The current Finnish takeover regime with its unusually high threshold of two-thirds for mandatory bids has for a long time stood out as an exception from the takeover regimes of other European jurisdictions. In connection with the upcoming implementation of the EU Takeover Directive, Finland will lower the mandatory bid threshold and also otherwise modernize the current regime.
In May 2005, a working group appointed by the Ministry of Finance published a report including a recommendation for a renewed takeover regime for takeovers of Finnish companies listed in the European Union. The recommendation has since been developed into a government bill, which was submitted to the Parliament for approval on February 17 2006. The aim is to have the new regime implemented by May 20 2006, the deadline provided by the Takeover Directive.
The proposal includes, among others:
The threshold for a mandatory bid is to be lowered to 30% of the total voting participation of a listed company. In addition, a second threshold of 50% would apply to shareholders already holding in excess of 30% of the total voting participation.
New rules on the pricing of mandatory bids would be introduced. Currently, the mandatory offer price is the fair market price based on the historic performance of the shares, but under the proposed new takeover regime the fair market price would be the price paid by the bidder for the same shares during the six month period preceding the offer. This rule would also apply to voluntary bids made for all shares and other equity securities of the target company. Notably, the pricing of voluntary bids in situations where the bidder does not have previous shareholding in the target company would be free and not at all regulated.
The obligation to launch a mandatory bid would not apply in situations where the bidder has acquired its holding in the target company through a voluntary bid for all equity securities of the target company.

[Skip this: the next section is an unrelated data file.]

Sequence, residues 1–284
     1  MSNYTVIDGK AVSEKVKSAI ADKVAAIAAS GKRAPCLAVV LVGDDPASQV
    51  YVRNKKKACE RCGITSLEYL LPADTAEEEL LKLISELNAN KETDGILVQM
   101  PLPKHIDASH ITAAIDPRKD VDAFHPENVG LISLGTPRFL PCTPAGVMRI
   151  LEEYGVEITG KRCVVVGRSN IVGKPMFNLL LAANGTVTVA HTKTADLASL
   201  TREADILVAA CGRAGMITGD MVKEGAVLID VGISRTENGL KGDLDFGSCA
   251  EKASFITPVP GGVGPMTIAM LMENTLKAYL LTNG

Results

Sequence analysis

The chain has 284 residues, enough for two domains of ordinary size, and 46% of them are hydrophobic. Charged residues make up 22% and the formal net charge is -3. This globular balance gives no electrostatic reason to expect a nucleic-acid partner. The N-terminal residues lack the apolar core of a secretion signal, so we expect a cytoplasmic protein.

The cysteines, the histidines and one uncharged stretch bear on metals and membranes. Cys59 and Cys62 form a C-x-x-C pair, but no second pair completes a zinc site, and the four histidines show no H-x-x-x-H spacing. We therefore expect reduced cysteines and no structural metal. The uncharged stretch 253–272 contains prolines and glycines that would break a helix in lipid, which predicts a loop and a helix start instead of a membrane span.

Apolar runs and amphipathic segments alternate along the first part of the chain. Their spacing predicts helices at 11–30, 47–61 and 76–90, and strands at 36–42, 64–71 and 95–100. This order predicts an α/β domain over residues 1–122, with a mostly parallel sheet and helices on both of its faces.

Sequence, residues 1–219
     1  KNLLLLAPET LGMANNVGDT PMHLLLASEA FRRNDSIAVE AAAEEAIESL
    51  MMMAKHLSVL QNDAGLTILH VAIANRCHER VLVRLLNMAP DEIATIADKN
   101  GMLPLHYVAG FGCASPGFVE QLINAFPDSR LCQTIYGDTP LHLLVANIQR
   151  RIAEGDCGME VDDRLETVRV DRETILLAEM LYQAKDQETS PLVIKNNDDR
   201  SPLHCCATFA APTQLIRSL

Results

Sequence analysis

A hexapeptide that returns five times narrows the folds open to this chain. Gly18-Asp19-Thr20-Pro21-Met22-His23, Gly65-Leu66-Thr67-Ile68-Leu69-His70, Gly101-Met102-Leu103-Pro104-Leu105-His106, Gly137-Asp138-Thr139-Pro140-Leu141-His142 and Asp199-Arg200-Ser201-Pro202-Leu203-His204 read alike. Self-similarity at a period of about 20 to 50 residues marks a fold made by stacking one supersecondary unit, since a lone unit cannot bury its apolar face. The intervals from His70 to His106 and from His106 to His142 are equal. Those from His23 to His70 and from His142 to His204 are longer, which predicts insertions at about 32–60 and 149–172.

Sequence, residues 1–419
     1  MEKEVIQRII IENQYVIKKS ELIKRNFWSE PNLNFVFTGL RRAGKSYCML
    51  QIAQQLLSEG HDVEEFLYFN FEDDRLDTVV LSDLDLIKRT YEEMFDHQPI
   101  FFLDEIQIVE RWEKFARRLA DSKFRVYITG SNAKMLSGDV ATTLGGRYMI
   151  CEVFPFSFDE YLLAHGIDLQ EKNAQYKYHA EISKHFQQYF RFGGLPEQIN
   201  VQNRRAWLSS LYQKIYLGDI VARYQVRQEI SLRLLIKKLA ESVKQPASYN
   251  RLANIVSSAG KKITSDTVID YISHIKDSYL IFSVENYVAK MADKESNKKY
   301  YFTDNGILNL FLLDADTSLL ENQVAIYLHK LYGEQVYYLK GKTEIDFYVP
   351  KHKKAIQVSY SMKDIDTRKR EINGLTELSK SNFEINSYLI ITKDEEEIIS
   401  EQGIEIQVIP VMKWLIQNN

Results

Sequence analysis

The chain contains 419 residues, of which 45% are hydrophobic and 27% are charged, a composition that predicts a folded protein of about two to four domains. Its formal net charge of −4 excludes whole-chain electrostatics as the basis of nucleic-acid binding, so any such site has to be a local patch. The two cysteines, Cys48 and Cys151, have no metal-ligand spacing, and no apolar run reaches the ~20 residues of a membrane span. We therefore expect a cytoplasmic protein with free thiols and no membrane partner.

An obligation would be introduced to pay top-up in situations where the bidder acquires shares for a higher consideration within nine months of the bid.
The price payable in connection with forced sale of remaining shares after the bidder has achieved a 90% holding (the so called squeeze-out) is proposed to be the same as the price paid in a preceding public bid.
An express obligation would be introduced for the board of directors of the target company to publish its opinion on the bid and the reasons on which it is based.
An express obligation would be introduced for the bidder, before the bid is announced, to ensure that it can meet its obligation to settle the consideration offered.
Rules addressing competing bids would be introduced. The original bidder would be entitled to extend the offer period beyond the maximum period provided by law and otherwise amend the terms of its offer. Notably, a shareholder could withdraw his or her acceptance of a bid if a competing bid is announced during the offer period.
It is proposed that Finland would exercise the option conferred by the Takeover Directive not to require that Finnish companies comply with the so-called breakthrough rules (article 12) of the Takeover Directive. A self-regulatory body with powers to issue guidelines on corporate conduct based on articles nine, 11 and 12 of the Takeover Directive would be set up with the Finnish Central Chamber of Commerce.
Tarja Wist and Samuel Isaksson
This is an update of an article that was originally published in Corporate Counsel magazine (March 2006)